Don't Tread on Me: I Home-School

As the legion of home-schoolers rapidly grows, sensible government oversight seems to be a reasonable option — or it'll invite a firestorm of opposition.
By Erik Hayden,

Home-schoolers are doing just fine. Leave them alone.

That seems to be the resounding (and long-held) sentiment among many home-school advocates. And they certainly have a point: The widespread deficiencies of the one-size-fits-all public school system are becoming ever more apparent, some instructors are more often babysitter than teacher, and many home-educated students simply don't need traditional schools to join sports teams or social groups anymore.

While many of the old arguments against home schooling have corroded (namely that certified teachers, in the majority of cases, can educate better than parents and that home-schooled children will grow up bewilderingly sheltered from the "real" world), there always seems to be new fronts in this distinctly American culture war.

Culture war. That's really what homeschooling signifies circa 2009: a sound rejection of the splintering mainstream (and, perhaps now, the perceived heavy hand of an Obama nanny-state) out of deep ideological or personal convictions. Roughly half, and perhaps more, of these home-schoolers are drawn from an evangelical Christian subculture that's more than wary of encroaching secularism. For these parents, there's no more pronounced statement than this: "I'll educate my children however I please — and don't stand in my way."

But as the practice rapidly grows — it has seen more than 74 percent increase since 1999 and estimates peg the current number of those home-schooled between 1.5 and 2 million students — it might be time to consider some sensible oversight.

This, obviously, is much easier said than done. Any meaningful reform must walk an impossibly thin line between preserving a parent's right to individually tailor curriculum while still ensuring that their children meet certain universal standards of achievement.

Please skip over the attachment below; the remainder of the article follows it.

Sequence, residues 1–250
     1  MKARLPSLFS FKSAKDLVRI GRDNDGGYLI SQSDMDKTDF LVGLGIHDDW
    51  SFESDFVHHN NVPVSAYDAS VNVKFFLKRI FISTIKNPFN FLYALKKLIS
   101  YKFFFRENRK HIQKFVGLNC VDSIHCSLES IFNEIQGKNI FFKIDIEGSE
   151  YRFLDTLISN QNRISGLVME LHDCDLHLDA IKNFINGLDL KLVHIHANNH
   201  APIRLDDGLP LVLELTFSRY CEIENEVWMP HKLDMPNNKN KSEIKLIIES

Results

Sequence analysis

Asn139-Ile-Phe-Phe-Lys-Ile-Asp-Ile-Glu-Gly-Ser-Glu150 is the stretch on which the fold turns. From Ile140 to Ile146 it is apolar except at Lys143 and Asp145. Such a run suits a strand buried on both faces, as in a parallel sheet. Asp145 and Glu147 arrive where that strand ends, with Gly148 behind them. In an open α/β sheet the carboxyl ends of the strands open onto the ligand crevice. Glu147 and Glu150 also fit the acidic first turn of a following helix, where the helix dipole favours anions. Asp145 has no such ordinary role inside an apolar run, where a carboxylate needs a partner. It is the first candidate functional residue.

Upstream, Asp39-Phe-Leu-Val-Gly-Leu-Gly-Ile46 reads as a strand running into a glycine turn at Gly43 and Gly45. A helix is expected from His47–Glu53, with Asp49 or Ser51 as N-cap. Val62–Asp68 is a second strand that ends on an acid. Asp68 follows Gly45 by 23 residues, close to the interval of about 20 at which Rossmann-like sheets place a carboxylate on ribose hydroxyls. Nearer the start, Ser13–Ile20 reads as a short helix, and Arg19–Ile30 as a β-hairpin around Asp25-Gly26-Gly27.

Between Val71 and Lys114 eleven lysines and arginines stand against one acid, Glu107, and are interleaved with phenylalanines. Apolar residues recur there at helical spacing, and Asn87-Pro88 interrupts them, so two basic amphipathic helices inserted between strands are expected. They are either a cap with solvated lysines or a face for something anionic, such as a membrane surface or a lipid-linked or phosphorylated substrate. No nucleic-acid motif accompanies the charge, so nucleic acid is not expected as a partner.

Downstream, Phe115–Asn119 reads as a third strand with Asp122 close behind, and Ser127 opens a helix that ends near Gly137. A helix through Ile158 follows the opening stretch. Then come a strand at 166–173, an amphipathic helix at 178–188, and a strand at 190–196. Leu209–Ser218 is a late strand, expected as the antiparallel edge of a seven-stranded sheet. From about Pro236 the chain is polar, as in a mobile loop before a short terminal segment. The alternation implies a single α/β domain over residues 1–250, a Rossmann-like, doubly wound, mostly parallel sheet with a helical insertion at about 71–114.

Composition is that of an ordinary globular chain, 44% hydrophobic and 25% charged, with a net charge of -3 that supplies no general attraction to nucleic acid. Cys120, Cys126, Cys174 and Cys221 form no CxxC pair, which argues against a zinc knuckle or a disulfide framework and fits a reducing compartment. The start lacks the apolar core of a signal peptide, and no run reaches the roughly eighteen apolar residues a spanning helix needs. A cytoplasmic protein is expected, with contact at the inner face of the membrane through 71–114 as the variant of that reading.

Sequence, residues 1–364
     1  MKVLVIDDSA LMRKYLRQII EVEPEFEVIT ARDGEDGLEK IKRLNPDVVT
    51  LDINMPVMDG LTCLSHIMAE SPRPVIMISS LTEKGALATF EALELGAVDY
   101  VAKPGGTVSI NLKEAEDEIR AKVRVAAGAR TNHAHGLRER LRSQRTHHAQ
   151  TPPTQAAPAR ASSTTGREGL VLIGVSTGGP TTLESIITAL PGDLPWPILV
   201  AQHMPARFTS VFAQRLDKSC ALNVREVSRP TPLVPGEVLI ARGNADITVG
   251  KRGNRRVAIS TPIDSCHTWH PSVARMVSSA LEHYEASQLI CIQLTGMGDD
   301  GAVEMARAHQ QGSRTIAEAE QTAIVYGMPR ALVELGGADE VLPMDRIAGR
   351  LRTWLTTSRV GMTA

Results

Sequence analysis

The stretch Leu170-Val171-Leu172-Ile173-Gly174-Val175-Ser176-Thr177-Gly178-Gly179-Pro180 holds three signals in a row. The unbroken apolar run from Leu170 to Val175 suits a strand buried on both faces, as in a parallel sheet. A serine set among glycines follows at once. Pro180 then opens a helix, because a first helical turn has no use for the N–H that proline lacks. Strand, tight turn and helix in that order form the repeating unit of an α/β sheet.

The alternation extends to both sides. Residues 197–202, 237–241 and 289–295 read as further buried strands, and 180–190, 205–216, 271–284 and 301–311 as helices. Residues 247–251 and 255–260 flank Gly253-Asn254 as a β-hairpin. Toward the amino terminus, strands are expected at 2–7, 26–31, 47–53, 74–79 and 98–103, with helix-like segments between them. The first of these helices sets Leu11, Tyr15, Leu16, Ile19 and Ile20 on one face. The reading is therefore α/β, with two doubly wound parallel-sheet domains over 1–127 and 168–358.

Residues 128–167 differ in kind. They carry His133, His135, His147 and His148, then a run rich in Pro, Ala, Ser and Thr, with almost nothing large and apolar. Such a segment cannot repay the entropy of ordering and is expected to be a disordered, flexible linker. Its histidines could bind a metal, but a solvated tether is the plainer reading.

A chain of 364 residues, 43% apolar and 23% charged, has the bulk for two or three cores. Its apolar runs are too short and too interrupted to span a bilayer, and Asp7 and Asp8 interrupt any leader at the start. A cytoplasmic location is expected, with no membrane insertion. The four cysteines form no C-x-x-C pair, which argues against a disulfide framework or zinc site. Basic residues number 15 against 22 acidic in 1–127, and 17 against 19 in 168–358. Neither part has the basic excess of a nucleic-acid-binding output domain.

In a new article in the journal Theory and Research in Education, professor Robert Kunzman proposes a small step to improve homeschooling: Require states to mandate a basic skills test at key intervals to ensure that students are able to meet appropriate academic benchmarks in subjects such as math and reading.

Unlike in the public system, many home-schoolers are not subjected to frequent assessment tests — however imperfect they may be — to ensure that students aren't left behind as grade levels progress. While many, perhaps even the majority, of home-schoolers have been shown in (perhaps controversial) studies to perform better than their public school counterparts, others can just as easily be left behind by poor teaching.

Currently there are a variety of diagnostic tests that home-schoolers may take by choice, but roughly half of states do not require any periodic skills testing throughout these students' formative educational years. In 10 states parents don't even have to even initiate contact with the government (another reason why it's hard to estimate how many children are actually being home-schooled).

In theory, a required basic skills test could be a useful tool to help homeschooling parents understand which areas their child is excelling and struggling in and, if constructed properly, could illuminate where to focus additional attention.

Above all, it's essential that the test be crafted by individual states (just as individual states create tests for public schools in compliance with federal testing mandates) and be viewed as "neutral" (evolutionary science off-limits?) by parents and students. Then perhaps local home-school organizations could work with the state to create a skills assessment that contains no ideological or moral "litmus test." The result, as Kunzman conceives it, "would involve computation skills (adding, subtracting, multiplication, division) and reading comprehension." In other words: a simple, rudimentary, noncontroversial test that even a serviceably educated student could pass.